When I was pregnant with M, and for the many years I considered motherhood before that, I hoped for a son. My primary explanation for this feeling was the fact that boys are much less likely to turn rabid on their mothers when they hit adolescence, but now that I have a daughter, I see that I had other, deeper reasons for this preference.
We were out trick or treating with two of M's friends last night, and there they were, three adorable little girls filled with excitement and anxiety and a total sense of wonder. They clung to each other's hands and walked down the dark, muddy sidewalk in an impenetrable line of cuteness. And then, of course, the fighting began. M wanted to hold L's hand. J wanted to hold L's hand. M didn't want to hold J's hand. J wanted to hold L's and M's hands at the same time. (And L pretty much wanted everyone out of her personal space for one freaking minute.) And all I could think was, well, here we go. The first stop on the long line of female tension over friendship, affection and belonging. It's a straight shot from here to awkward middle-school slumber parties and demeaning pledge nights.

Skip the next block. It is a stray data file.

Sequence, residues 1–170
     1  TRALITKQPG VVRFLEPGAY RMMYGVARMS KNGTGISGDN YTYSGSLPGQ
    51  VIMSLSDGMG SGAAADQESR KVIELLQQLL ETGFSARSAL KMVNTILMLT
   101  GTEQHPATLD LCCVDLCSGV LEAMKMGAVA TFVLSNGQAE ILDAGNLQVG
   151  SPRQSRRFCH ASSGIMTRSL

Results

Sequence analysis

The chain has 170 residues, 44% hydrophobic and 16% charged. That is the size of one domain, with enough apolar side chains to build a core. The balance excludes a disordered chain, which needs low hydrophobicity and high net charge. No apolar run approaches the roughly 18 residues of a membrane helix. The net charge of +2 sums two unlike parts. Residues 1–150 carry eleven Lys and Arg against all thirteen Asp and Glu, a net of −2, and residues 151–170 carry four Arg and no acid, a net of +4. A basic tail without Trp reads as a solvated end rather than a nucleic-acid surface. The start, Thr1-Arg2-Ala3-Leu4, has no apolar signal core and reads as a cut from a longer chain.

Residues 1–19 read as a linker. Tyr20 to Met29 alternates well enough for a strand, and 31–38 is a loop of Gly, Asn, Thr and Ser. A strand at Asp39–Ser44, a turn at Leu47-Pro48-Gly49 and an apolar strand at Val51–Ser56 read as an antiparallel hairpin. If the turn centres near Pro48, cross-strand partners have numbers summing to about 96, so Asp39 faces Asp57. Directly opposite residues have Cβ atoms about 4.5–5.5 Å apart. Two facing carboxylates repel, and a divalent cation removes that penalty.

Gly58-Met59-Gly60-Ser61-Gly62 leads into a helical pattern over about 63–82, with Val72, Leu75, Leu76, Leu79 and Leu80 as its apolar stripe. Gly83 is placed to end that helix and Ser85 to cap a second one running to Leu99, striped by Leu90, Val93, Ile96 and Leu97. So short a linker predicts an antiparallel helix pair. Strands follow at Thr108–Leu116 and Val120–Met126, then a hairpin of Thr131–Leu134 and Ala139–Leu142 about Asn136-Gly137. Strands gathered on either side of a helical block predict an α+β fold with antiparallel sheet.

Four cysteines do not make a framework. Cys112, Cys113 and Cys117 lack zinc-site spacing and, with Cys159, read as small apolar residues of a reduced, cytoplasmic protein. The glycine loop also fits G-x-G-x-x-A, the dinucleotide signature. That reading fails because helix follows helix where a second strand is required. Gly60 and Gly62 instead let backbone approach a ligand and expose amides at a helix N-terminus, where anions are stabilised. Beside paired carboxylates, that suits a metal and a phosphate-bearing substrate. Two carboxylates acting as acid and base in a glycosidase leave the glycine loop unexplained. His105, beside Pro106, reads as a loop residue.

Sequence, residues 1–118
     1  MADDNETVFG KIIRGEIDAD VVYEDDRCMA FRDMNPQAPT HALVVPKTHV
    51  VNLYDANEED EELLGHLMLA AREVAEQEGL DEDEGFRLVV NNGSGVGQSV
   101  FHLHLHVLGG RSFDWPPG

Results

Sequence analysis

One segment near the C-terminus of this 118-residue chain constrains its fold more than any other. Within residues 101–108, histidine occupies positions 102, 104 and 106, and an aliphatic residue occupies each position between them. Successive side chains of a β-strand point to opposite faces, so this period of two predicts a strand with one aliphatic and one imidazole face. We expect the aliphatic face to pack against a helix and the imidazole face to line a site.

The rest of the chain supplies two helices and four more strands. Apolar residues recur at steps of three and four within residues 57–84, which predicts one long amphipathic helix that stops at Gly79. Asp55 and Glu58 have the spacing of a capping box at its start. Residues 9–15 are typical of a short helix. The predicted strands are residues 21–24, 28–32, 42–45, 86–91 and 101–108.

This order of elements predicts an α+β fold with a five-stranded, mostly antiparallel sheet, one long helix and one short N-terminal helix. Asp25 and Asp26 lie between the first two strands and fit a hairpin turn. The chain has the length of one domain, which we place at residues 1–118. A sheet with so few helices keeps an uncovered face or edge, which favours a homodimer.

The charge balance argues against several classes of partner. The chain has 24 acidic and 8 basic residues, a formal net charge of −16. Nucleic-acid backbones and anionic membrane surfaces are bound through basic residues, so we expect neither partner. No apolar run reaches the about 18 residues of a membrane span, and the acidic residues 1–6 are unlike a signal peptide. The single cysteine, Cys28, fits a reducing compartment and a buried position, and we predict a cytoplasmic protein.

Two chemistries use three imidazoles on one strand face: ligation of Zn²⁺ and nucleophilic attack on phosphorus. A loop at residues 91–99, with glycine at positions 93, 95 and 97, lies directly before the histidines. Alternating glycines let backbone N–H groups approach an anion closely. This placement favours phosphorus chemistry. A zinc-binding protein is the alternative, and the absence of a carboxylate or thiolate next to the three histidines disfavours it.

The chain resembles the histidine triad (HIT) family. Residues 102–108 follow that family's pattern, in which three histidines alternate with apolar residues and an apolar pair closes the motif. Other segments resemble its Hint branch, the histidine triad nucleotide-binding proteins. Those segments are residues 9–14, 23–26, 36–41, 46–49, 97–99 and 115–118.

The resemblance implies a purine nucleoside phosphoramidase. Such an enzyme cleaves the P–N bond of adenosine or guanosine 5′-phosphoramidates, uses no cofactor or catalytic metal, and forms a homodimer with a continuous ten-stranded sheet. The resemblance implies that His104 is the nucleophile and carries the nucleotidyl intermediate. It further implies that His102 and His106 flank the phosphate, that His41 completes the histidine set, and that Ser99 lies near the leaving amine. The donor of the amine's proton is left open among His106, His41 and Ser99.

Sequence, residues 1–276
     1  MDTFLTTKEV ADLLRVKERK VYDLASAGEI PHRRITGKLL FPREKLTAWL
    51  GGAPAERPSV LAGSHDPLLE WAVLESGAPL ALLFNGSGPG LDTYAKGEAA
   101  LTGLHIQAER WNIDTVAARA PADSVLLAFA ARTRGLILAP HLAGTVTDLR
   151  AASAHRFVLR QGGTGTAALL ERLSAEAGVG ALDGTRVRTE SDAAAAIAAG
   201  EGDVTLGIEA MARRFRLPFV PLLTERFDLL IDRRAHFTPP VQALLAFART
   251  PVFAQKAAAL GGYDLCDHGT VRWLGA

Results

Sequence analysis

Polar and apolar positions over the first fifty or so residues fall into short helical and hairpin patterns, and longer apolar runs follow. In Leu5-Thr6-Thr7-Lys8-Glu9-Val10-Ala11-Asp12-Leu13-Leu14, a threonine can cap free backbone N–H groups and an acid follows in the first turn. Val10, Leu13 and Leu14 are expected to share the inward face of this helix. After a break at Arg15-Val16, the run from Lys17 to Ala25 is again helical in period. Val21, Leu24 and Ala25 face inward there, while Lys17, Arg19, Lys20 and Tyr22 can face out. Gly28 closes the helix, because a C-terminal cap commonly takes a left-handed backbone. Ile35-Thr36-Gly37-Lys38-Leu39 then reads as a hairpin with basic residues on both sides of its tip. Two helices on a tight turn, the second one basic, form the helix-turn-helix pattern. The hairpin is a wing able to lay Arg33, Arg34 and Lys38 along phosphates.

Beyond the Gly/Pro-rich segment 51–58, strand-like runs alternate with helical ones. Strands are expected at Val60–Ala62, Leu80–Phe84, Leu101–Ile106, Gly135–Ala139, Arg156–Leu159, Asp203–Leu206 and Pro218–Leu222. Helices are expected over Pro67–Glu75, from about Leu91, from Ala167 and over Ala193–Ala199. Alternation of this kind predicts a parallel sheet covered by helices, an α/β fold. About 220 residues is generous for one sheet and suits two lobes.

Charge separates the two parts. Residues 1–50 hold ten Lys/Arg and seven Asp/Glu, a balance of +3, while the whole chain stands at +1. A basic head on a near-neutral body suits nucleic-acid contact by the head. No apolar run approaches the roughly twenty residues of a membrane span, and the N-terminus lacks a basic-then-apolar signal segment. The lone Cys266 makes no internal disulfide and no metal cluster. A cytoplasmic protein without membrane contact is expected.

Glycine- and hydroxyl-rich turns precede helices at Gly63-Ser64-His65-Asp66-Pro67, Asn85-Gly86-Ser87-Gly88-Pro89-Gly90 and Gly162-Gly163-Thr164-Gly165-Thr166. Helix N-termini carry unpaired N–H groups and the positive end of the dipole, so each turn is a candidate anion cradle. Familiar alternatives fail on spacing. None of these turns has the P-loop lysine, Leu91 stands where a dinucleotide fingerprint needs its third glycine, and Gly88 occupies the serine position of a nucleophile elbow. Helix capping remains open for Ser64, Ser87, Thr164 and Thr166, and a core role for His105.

Which is, of course, ridiculous. They were just a bunch of pre-schoolers having some normal social tussles. But I can't help my mind from shooting backward and remembering my own struggles to fit in among my female peers. I've had one or two close girlfriends along the way, but for the most part, my childhood, teenage years and most of my twenties were spent feeling well outside the walls of Girl World. I didn't get the rules, I didn't speak the language, and I never had the right shoes.
I've realized that my desire for a son was not caused by my fear of having a daughter so much as my fear of being one. It was hard enough going through it all the first time, I can hardly imagine how it might feel to see looks of rejection and embarrassment reflected in my daughter's eyes. I know that being a boy wouldn't spare her from that, but my empathy wouldn't be quite so deep and raw. But maybe it won't be as hard for her as it was for me ... which brings up my even greater fear: that she'll be the girl doing the ostracizing instead of the innocent ostrich.